Jointly developed by Dr Raymond Tong Kai-yu, Associate Professor of the Department of Health Technology and Informatics, and the Industrial Centre, this Exoskeleton Hand Robotic Training Device works to recover the hand functions of stroke patients. It is made up of an embedded controller and a robotic hand module, which provide patients with assistive power to perform hand movements and gradually boost relearning in the brains of stroke patients.
One the compact, wearable robotic hand is attached to the patients fingers and hand, it begins to detect his or her intention to move through signals from the hemiplegic side measured by surface electromyography. A nervous response then set the robotic hand in motion to move the patients stiff hand at his or her own will. The device affords substantial flexibility, as each finger assembly can be adjusted to fit different finger lengths.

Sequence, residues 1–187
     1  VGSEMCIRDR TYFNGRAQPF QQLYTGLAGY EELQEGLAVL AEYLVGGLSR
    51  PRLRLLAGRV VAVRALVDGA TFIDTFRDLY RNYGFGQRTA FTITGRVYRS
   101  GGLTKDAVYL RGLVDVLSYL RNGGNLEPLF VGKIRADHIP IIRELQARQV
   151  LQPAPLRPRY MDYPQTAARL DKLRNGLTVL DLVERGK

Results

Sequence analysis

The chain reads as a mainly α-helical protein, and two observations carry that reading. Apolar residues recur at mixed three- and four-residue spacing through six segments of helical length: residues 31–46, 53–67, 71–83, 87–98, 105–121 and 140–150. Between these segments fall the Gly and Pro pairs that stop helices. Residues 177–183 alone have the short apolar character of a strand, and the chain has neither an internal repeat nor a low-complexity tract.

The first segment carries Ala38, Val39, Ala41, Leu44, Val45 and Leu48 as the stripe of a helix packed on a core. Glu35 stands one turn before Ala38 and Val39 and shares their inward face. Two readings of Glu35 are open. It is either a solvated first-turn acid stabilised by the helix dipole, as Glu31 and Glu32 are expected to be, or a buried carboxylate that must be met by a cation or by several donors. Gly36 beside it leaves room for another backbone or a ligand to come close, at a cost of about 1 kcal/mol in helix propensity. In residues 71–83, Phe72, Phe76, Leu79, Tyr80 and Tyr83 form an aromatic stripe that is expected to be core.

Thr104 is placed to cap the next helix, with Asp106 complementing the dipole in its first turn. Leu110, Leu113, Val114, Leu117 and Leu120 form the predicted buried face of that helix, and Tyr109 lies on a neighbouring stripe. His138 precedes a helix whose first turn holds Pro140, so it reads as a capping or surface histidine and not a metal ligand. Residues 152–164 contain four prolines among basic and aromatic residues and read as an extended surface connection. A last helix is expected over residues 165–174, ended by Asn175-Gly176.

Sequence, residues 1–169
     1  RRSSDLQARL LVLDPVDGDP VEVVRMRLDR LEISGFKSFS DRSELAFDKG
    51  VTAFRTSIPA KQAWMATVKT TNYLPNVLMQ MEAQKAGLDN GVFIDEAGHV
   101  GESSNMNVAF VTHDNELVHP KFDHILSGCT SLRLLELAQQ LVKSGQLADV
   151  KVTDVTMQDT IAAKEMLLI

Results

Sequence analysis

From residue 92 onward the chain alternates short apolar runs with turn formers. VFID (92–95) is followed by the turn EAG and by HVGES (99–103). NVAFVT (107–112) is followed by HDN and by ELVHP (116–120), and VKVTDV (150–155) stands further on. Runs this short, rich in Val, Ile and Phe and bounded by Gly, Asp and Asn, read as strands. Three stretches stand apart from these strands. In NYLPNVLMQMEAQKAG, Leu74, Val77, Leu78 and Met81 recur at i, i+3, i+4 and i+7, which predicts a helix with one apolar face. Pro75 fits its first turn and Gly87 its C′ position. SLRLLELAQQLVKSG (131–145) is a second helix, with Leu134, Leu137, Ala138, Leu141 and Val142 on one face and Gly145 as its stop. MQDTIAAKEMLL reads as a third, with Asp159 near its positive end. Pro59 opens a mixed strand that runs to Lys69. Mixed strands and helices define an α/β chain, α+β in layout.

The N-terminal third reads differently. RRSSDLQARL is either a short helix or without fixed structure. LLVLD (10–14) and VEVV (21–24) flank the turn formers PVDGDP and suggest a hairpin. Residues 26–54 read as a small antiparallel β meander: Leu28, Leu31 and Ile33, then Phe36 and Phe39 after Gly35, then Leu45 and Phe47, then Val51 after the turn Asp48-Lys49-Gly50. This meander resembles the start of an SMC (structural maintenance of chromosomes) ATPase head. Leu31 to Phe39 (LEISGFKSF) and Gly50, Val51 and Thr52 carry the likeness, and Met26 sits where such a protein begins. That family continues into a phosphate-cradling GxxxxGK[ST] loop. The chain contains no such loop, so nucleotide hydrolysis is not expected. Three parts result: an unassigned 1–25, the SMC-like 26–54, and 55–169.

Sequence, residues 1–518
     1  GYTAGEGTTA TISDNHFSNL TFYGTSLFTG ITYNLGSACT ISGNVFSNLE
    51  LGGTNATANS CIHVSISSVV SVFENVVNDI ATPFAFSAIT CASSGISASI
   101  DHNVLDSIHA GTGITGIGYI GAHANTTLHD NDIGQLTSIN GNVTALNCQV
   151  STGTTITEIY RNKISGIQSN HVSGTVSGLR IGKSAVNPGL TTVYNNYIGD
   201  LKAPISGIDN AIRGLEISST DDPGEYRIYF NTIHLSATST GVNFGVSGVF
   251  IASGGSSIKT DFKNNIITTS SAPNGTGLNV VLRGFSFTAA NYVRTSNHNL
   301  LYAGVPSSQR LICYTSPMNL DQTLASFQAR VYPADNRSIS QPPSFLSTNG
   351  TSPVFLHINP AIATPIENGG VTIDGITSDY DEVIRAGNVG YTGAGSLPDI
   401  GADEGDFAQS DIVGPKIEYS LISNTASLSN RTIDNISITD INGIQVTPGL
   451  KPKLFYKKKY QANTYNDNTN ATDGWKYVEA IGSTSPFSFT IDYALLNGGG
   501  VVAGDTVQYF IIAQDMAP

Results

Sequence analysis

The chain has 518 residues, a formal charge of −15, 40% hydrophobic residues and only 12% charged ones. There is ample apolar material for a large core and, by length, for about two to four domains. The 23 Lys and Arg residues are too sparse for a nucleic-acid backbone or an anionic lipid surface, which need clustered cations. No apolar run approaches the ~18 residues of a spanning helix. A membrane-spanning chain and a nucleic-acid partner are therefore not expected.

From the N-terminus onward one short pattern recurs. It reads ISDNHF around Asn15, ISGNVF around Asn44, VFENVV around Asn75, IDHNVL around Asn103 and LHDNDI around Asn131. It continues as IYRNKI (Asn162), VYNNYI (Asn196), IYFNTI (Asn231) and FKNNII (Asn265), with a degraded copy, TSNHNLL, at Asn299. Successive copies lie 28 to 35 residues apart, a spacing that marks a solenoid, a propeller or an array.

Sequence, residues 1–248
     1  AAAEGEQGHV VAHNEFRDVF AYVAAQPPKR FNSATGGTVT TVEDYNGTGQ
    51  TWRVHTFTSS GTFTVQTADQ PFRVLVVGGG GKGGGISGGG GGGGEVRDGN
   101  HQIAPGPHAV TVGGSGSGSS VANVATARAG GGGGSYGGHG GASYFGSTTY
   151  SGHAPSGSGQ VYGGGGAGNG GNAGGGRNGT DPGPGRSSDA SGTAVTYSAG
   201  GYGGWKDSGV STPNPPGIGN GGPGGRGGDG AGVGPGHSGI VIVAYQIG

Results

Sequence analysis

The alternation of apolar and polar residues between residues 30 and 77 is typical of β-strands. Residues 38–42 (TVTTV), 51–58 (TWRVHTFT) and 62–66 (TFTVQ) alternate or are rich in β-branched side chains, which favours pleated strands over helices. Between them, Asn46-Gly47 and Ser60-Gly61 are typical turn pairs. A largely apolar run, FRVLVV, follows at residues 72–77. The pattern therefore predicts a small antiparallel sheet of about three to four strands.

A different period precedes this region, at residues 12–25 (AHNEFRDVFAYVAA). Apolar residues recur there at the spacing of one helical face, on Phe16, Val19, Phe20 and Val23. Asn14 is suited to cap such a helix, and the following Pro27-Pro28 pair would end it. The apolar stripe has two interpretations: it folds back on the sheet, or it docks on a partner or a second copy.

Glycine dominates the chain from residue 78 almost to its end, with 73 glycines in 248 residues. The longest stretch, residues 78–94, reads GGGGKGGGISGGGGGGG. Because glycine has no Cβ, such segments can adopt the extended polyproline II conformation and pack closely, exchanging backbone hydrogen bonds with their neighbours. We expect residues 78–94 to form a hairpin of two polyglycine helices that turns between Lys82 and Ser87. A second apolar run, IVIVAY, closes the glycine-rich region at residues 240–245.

Unlike the case with conventional rehabilitation treatment, the assistive power from the robotic hand helps to overcome muscle and joint stiffness, thus allowing the patient to open/close a paralysed hand or pick items up according to his or her own intention. Through repetitive exercises, the hand motions send feedback to the patients brain, helping it to rewire itself in response to new experiences.
The device has been licensed to the Deltason Medical Group, and clinical trials are well underway at the Shatin Hospital and Kowloon Hospital. It also won a Gold Medal at the 62nd International Trade Fair Ideas Inventions New Products in Nuremberg, Germany.
This article was first appeared on the PolyU Milestone, June 2011 Edition
Explore further: Many hands make light work: Robotic therapy to help stroke patients